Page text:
When it comes to seeing a counselor, I always like to distinguish between feeling better and getting better. You can talk to anyone who is willing to listen and validate your experience, and that can make you feel better. However, counseling should be more about getting better so those feelings can actually last. Sometimes getting better means having to face some tough issues, which may not actually feel good at the moment but is a necessary part of the process. This is why you need a skilled counselor who will help you navigate these moments and will provide you with guidance and tools to use in and out of the sessions. 

Here are some questions to ask potential counselors to find the best fit for yourself or a loved one: 

  •  What is your experience in working with this issue? The potential counselor should be able to give you the following:
    • Number of months or years treating that specific condition.
    • Number of patients or percentage of patients that were treated by this counselor who presented with this condition.
    • The setting where the counselor worked and gained such experience (i.e. inpatient, in-home, private practice, internship).
  • What is the average number of sessions I could expect given your experience and my circumstances? Although this number can greatly vary among individuals, once the counselor gets an overview of your circumstances, the counselor should be able to give you an average time based on his or her experience and what other clients have found beneficial. Please keep in mind that counseling is an ongoing process and as new information comes up, it could impact the length of treatment. However, the counselor should always keep you informed and should make it a practice to review your progress on a consistent basis.
  • How flexible are you with your schedule? This question is related to the times and days of the week where the counselor can see you. You should also discuss the ability to re-schedule within the same week as well as “emergency” sessions and how those are handled.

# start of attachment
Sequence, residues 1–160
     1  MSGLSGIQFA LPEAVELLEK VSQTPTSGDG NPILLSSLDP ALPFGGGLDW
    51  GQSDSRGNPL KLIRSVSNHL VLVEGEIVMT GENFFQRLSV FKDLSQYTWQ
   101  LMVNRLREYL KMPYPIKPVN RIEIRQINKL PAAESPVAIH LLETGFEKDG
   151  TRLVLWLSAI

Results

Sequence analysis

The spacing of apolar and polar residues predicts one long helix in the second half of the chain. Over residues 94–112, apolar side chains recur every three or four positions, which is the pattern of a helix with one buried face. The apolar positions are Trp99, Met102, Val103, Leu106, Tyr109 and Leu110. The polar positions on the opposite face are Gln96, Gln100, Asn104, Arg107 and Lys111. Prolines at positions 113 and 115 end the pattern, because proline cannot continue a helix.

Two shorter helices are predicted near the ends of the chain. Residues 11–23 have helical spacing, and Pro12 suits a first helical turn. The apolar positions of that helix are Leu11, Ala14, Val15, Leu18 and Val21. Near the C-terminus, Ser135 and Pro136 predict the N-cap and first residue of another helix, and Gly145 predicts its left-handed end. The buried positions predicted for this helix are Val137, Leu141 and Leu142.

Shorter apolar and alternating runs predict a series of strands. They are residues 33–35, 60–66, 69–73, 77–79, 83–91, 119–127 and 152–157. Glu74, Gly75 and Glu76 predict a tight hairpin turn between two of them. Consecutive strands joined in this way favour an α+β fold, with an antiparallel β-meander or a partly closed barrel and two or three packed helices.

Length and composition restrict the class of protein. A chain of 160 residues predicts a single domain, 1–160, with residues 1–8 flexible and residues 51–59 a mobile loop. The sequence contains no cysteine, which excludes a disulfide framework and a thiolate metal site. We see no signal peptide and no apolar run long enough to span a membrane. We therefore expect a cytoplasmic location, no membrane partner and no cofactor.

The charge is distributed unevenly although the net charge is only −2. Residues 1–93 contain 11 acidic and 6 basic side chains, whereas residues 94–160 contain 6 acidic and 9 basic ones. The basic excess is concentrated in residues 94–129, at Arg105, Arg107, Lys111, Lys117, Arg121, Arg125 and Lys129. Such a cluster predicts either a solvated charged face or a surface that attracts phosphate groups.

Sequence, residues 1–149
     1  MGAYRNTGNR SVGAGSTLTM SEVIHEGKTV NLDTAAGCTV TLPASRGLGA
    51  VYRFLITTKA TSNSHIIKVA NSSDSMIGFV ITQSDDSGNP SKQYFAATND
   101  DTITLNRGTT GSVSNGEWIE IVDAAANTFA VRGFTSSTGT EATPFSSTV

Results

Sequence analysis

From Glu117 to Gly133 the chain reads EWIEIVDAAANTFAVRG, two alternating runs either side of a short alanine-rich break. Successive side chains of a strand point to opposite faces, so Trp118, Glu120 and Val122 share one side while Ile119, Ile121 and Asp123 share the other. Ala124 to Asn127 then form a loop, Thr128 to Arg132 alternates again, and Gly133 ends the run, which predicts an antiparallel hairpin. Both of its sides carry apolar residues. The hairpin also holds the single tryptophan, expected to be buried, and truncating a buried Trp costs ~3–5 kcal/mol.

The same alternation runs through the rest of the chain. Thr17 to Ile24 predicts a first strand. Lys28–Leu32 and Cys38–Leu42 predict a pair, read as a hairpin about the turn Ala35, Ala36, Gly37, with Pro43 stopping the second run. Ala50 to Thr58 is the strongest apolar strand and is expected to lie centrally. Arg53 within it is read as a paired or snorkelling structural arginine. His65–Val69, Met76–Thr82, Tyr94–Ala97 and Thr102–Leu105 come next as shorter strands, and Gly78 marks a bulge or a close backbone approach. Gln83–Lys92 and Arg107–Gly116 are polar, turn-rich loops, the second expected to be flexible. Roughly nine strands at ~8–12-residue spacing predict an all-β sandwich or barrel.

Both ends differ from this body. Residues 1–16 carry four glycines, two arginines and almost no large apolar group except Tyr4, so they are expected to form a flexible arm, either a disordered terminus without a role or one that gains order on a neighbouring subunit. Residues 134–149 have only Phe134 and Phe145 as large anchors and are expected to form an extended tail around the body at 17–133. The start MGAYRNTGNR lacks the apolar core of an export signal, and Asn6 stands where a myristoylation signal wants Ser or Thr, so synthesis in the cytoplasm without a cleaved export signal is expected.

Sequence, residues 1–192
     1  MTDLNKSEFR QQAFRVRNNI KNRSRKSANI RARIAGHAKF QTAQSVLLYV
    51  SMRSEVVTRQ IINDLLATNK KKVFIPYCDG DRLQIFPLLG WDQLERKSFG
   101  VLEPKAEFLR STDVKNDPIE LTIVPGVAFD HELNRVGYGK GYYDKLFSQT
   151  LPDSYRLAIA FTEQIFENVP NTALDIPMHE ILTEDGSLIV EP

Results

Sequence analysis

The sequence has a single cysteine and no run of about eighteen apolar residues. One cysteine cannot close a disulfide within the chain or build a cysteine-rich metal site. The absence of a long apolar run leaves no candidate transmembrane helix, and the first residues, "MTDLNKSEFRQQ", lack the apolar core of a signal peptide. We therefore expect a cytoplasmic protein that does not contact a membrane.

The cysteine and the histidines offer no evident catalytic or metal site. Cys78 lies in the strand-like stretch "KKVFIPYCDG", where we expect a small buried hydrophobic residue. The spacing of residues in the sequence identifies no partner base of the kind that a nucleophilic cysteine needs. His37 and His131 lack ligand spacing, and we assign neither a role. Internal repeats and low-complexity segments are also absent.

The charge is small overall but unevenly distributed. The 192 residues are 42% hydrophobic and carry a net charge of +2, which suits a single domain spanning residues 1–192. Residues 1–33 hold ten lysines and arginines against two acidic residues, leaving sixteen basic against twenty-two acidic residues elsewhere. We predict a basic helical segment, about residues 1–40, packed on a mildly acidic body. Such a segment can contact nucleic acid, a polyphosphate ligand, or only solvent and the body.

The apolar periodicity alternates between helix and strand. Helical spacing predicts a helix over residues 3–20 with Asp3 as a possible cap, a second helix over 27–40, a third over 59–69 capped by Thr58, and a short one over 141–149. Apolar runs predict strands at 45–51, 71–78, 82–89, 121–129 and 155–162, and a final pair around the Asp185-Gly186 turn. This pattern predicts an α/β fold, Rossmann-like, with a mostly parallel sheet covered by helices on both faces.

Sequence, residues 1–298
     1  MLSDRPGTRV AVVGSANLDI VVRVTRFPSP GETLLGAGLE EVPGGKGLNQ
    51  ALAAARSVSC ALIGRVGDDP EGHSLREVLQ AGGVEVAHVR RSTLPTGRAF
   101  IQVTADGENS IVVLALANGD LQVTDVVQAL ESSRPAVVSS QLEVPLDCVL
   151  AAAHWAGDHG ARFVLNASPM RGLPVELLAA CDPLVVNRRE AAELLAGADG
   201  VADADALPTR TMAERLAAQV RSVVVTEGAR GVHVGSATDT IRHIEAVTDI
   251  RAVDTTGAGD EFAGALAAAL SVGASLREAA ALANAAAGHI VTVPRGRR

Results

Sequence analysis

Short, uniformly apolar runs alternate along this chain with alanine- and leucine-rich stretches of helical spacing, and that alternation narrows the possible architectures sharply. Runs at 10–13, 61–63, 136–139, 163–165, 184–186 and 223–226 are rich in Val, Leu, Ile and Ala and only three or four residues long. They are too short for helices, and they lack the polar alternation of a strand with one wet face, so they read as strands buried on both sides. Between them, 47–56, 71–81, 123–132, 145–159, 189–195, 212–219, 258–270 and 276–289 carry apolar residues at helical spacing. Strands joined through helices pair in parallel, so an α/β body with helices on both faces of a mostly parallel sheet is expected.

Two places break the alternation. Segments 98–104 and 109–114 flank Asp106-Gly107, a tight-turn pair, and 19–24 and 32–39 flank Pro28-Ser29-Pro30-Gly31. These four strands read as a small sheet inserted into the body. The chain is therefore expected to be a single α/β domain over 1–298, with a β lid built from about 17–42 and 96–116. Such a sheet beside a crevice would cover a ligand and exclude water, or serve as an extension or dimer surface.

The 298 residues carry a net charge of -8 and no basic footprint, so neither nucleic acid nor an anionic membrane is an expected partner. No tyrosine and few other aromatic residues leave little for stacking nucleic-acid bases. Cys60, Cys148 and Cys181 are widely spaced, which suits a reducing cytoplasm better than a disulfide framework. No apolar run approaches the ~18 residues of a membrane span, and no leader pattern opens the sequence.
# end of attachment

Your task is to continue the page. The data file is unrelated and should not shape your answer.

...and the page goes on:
• What options will I have between sessions? Getting better cannot and should not be contained within the time you spend with your counselor. Therefore, the counselor should be able to let you know if there are digital applications, exercises, or any other method they use to help solidify the gains from each session. In addition, you should discuss if you are able to contact the counselor in between sessions, how you would do it, and if there is a financial cost. 
  • How much do you charge per session? Many counselors do not accept insurance, and payments are out of pocket. However, these counselors usually offer sliding fee scales. Therefore, it is best to ask this up front what the counselor’s practices are in the event you’re no longer able to afford the fee.  
  • Can you tell me the name(s) of people you usually collaborate with in the treatment of this issue? Although many counselors, especially those specialized counselors are quite capable of addressing a wide variety of issues, there are times when you or your loved one might need to be referred for additional services. These referrals can include but are not limited to psychiatrists, behavioral specialists, occupational therapists, mentors, etc. A counselor who is not able to provide you with any names usually means that they are working in isolation, which is a big red flag because you might not get what you need to get better. 

    Although counselors belong to the same broad category, they are not all created equal. Therefore, if you or someone you know has had a bad experience, give another counselor a chance.